Office opinion: refurbished offices


WHAT'S wrong with a pre-loved office? The property market is obsessed with bright, shiny new developments, but why bother when the Midlands has a huge amount of quality used office space on offer? Craig Straw explores the topic of refurbished offices.

If you look at activity in the Nottingham office market over the last year, what it shows is that the market isn’t saturated with grade A transactions, but that it is actually grade B take-up accounting for most transactions.

Recent research demonstrates that whilst the supply of offices went up in 2011, the actual supply of grade A and B stock remained constant at around 350,000 sq ft. The increase was actually accounted for by grade C stock, which saw a 60% increase.

Whilst on the supply side it was grade C stock which accounted for the increase, transactionally activity was concentrated in grade A and B and in fact the number of transactions of good quality accommodation in the city centre and fringe doubled in 2011 when compared to 2010.

Over the last few years there has been no speculative new construction, which means there has been a lack of supply of new grade A stock so what we have experienced in recent years is a gradual up-take in grade A stock which when combined with no new supply coming into the market means that supply overall has been dwindling.  For example in 2010 there was a 100,000 sq ft reduction in available grade A space in Nottingham as demand outstripped supply.

There is not so much an obsession with grade A stock, people just want good quality stock in good locations. The rents and deals currently taking place depend on individual circumstances of the property and the landlord/tenant. This could include issues such as - is the tenant under pressure to move quickly? When is their existing lease is due to expire?  Is the additional space required to accommodate a new contract etc., it really depends on what is driving them. On the landlord side – empty rates liability is a significant factor, and some landlord’s will be better funded than others. The deals happening can vary significantly because of these factors, so it’s difficult to point to values.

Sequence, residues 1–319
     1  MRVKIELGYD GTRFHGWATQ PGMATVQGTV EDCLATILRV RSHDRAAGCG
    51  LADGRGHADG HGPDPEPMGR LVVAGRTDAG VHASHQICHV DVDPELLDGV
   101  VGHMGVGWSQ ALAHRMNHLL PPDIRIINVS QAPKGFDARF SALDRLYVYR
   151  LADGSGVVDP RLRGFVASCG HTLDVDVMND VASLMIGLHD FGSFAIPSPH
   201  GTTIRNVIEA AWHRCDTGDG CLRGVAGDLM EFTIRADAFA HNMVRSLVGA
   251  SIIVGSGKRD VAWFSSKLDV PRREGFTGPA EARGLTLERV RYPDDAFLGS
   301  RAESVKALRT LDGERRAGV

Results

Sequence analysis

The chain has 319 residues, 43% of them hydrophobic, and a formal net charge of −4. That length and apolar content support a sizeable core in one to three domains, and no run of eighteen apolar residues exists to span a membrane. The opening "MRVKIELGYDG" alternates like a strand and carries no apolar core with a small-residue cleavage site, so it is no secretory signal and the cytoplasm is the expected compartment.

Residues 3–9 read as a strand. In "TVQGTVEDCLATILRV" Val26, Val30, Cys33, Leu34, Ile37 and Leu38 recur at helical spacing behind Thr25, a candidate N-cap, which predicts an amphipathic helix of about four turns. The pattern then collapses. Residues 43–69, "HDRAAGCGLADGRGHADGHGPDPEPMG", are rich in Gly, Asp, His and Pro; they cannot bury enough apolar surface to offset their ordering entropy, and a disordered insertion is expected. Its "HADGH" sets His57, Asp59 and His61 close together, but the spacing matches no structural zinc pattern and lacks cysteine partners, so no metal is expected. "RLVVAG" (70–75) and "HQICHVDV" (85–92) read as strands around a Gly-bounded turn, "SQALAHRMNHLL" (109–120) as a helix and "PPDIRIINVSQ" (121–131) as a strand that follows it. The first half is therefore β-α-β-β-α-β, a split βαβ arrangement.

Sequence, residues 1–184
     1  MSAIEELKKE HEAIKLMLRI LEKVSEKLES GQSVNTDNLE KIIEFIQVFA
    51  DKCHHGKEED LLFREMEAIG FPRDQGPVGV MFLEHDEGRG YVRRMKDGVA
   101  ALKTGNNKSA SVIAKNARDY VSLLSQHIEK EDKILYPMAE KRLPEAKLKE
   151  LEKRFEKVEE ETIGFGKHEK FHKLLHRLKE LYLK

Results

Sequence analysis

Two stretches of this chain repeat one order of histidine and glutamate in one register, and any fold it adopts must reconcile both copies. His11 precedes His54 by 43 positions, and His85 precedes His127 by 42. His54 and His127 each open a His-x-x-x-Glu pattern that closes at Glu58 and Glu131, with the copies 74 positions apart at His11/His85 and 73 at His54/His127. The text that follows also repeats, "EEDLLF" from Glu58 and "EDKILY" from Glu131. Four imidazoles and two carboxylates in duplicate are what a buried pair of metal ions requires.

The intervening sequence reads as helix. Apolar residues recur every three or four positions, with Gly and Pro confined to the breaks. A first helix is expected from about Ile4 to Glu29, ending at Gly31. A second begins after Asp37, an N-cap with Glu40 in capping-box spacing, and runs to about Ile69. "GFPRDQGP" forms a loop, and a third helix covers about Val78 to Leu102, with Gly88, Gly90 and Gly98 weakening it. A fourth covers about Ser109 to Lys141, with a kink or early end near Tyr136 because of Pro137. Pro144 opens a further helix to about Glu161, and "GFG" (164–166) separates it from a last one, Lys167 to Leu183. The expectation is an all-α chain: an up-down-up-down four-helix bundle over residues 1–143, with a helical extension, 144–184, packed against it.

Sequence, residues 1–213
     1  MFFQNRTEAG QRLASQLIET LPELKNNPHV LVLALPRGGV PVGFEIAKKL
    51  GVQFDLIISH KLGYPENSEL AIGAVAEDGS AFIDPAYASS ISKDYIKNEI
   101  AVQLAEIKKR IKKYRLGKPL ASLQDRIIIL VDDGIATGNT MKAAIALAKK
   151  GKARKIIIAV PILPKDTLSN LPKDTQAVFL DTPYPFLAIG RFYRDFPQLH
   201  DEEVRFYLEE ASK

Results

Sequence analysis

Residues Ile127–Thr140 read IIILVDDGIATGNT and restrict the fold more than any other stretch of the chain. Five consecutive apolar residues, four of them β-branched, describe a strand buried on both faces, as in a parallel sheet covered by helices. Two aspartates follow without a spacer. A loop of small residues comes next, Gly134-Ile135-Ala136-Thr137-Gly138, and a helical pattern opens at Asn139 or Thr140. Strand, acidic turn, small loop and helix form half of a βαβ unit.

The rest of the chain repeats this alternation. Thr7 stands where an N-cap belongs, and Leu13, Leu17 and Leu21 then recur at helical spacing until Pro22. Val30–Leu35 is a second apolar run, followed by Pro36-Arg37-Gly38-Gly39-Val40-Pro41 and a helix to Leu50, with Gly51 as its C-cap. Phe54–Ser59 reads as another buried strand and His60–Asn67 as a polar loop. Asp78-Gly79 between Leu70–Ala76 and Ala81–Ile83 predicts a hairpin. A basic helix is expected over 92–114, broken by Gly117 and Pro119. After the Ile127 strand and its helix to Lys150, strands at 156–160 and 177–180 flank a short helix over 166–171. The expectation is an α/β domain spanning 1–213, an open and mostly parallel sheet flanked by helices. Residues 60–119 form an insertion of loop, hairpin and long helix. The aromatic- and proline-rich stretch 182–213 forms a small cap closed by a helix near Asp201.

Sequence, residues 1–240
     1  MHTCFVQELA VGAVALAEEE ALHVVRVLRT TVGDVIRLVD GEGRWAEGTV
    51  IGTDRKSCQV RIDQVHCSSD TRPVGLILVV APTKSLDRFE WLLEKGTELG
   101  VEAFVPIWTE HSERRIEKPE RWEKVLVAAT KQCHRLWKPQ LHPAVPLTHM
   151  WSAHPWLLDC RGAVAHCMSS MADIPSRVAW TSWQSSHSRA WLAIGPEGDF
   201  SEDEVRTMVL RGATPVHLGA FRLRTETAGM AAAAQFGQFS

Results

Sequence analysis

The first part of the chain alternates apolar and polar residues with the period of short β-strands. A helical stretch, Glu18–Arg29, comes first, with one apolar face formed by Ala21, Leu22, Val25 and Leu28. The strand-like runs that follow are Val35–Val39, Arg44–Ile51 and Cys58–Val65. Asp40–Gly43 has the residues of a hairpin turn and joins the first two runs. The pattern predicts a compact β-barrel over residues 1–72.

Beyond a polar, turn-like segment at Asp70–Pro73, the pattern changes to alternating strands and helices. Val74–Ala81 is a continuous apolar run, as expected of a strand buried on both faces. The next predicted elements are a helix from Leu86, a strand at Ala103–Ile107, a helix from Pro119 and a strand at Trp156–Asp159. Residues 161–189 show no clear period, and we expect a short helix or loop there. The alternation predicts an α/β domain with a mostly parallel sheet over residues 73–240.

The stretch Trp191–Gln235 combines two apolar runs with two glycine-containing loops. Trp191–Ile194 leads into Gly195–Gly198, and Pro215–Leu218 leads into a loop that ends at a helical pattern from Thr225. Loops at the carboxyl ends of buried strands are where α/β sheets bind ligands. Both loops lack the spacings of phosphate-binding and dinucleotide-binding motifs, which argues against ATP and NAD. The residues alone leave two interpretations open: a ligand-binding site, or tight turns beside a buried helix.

There are a lot of things people should be looking for when moving in to established office space but in my view occupiers should be mindful of the overall occupancy cost.  You don’t just need to judge a property by its headline rent you should ensure that you take in to account its service charge and what this incorporates. For example - does it include utilities? Does it include 24 hour security (which can incur a great cost), and do you require all the services this service charge incorporates?

You should also ask yourself how efficient is the accommodation for your needs? For example, does it have raised floors, is it open plan – does it enable your workforce to interact well with each other etc.

Increasingly occupiers also need to consider the running cost of and anticipated lifecycle of the mechanical and electrical plant even on relatively modern buildings. There are examples in the market place at the minute of buildings available at cheap rents, but the running costs are high and the plant could soon need to be replaced, which can come at a high cost.